This is The Turnaround with Rev. Zach Chandler, where, every week, we’ll be breaking down a different aspect of the blues for a deeper understanding of the music, culture, and people that are the blues. For the next several weeks, we’ll be examining some of the most influential bluesmen of the last century to try to understand where the blues comes from. As an art form centered around expression, the personalities around it are part of what makes this music so special.
Last week, we partied like a rock star with Freddie King.
This week, we’ll conclude the Three Kings with Albert King.
Here’s what we know: Albert Nelson was born on April 25, 1923 on a cotton plantation in Indianola, MS. During this early period of his life, he made a living picking cotton, as a mechanic, and a bulldozer operator, among other jobs until his musical career picked up.
King moved to Chicago in 1953 and recorded his first single, “Bad Luck Blues”. It was on this first record that he began going by the surname “King”, playing on the popularity of fellow Indianola native, B.B. King. is first record didn’t make a splash and he moved to St. Louis. In 1961, he finally made his first big hit, “Don’t Throw Your Love on Me So Strong”, which hit #14 on the Billboard R&B chart.
King’s career was moderately successful. Every so often, he’d make a hit like “Born Under a Bad Sign” and “Crosscut Saw”, but never really rose to the same level of prominence of the other two Kings. That didn’t stop him from playing though and he continued to tour through the 1980’s. On December 19, 1992 he played his last concert in Los Angeles and died of a heart attack on December 21, two days later. Albert King was inducted into the Rock and Roll Hall of Fame in 2013.
While Albert King wasn’t himself a mainstream sensation, he helped shape the blues and rock music world as we know it today. King was a major influence on such artists as Eric Clapton, Stevie Ray Vaughan, Jimi Hendrix, Derek Trucks, Joe Walsh, Albert Collins, Otis Rush, Rory Gallagher, John Mayer, and Gary Clark Jr among many, many others.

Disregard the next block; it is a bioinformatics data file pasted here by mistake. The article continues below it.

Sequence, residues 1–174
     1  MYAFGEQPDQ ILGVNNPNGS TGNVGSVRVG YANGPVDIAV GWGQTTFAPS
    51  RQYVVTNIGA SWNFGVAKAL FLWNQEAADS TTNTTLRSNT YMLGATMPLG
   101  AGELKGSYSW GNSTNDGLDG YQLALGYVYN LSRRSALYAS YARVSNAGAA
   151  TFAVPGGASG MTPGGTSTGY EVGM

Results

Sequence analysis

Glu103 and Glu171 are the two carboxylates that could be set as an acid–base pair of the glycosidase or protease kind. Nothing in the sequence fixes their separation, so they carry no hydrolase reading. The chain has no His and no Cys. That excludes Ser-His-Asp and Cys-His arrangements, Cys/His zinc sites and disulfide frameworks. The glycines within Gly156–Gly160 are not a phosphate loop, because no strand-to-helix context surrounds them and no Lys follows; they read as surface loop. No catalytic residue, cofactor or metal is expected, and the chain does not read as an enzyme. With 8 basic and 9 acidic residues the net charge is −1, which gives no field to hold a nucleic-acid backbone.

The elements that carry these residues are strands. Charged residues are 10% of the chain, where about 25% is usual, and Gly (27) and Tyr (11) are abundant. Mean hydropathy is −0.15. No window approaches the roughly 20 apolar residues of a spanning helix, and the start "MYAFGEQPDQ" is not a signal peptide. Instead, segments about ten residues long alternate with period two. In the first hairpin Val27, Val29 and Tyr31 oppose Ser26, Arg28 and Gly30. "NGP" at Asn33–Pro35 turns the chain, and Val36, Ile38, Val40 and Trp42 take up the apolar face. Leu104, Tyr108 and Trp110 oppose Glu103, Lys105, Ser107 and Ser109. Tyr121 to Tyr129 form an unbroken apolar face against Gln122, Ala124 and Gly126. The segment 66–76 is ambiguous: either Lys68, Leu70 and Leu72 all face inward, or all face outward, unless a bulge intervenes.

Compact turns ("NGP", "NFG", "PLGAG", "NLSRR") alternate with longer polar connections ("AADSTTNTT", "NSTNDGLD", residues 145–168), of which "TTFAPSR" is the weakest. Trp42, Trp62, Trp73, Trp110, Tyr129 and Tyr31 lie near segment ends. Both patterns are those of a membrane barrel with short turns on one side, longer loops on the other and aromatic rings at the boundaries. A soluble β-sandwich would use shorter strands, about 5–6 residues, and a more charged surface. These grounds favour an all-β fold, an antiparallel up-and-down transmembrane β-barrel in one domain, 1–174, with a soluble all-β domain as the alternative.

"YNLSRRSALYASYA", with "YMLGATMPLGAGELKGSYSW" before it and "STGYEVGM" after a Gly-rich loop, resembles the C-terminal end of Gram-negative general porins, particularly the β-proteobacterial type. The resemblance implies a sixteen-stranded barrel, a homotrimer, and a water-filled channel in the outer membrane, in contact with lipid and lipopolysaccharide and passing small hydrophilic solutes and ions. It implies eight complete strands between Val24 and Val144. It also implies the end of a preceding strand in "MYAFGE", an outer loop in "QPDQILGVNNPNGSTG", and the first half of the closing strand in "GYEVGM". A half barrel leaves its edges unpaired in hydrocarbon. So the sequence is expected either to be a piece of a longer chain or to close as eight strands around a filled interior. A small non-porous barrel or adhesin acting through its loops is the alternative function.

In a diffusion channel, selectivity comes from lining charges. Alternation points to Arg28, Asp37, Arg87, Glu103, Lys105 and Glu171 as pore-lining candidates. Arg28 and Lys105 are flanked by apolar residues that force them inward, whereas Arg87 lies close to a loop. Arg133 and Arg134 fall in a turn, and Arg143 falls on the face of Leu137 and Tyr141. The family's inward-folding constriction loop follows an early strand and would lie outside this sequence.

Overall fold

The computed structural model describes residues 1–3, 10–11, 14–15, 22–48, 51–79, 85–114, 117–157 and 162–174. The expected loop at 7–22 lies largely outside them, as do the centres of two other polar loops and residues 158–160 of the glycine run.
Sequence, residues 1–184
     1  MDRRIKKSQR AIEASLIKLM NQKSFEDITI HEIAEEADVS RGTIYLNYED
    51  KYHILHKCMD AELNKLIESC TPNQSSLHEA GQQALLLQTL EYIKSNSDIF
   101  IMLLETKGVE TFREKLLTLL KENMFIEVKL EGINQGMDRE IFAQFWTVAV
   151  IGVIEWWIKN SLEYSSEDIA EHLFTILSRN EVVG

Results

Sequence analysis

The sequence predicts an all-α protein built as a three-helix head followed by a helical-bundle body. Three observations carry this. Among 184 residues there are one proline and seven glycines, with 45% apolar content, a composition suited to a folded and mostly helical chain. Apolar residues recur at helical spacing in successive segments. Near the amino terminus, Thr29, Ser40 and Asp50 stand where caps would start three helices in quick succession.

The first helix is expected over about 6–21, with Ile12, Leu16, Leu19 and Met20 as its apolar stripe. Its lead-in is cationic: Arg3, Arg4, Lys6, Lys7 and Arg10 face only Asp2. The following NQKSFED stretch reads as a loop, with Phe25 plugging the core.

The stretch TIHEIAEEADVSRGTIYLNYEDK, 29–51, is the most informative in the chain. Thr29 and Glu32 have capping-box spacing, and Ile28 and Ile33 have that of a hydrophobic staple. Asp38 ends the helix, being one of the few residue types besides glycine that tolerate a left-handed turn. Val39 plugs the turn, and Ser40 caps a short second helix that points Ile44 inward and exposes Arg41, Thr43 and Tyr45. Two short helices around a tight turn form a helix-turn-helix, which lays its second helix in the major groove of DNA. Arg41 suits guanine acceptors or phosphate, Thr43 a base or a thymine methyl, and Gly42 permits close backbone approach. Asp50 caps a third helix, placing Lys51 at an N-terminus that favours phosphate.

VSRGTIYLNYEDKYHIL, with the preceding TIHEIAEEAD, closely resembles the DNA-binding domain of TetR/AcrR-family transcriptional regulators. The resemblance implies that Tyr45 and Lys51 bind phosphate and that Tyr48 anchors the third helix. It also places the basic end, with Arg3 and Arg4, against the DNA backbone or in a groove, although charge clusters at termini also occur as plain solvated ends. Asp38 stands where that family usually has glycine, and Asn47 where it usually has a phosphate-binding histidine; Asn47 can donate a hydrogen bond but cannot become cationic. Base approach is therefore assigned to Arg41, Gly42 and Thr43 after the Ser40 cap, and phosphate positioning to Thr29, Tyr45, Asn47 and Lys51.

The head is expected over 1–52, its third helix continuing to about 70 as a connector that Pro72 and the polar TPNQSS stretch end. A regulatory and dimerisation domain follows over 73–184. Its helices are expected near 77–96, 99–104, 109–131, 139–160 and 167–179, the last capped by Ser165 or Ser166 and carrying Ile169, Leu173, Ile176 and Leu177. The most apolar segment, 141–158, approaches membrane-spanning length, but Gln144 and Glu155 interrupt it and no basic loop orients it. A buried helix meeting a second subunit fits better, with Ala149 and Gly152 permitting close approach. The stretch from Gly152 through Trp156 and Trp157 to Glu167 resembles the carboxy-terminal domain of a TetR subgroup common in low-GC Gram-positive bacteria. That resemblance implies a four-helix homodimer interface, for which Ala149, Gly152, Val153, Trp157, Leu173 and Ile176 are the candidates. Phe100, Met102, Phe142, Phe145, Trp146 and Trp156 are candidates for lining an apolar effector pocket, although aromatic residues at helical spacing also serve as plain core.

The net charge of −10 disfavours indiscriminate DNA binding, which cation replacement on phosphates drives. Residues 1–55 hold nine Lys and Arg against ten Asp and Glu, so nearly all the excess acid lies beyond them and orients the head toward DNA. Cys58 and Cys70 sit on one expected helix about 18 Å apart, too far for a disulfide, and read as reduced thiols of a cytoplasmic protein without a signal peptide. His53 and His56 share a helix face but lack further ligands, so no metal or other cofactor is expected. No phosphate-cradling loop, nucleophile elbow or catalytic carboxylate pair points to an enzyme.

Albert King’s musical stylings may seem ubiquitous at this point in the game, but it’s important to remember that it’s not Albert King trying to sound like everyone else. It’s everyone else trying to sound like Albert King. His smoky, smooth baritone voice comes through in the vocals of Clapton, Hendrix, and SRV. The rhythm section and horns provide a canvas for his guitar to shine. His playing is distinct, but understated, often just punctuating lyrical lines. Probably the most significant contribution to the electric guitar today is his ability to bend notes. King played in a low open-C tuning on an upside-down guitar (he was left-handed, but taught himself how to play on a right-handed guitar flipped so that the low strings were on the bottom). This allowed him to produce powerful bends so deep you need to sit a spell in a decompression chamber afterward. The humbucker pickups on his Gibson Flying V produced sustain for those bends so violin-like that Itzhak Perlman would have picked up the guitar had he heard Albert King first.
Albert King’s smooth, smoky voice brings to mind Laphroaig 15 year Scotch whisky with its rich and peaty character. While not a king (yet), Prince Charles is such a big fan, he granted Laphroaig the Royal Warrant and even celebrated his 60th birthday at the distillery.
Listen to Albert King's "Born Under A Bad Sign" below.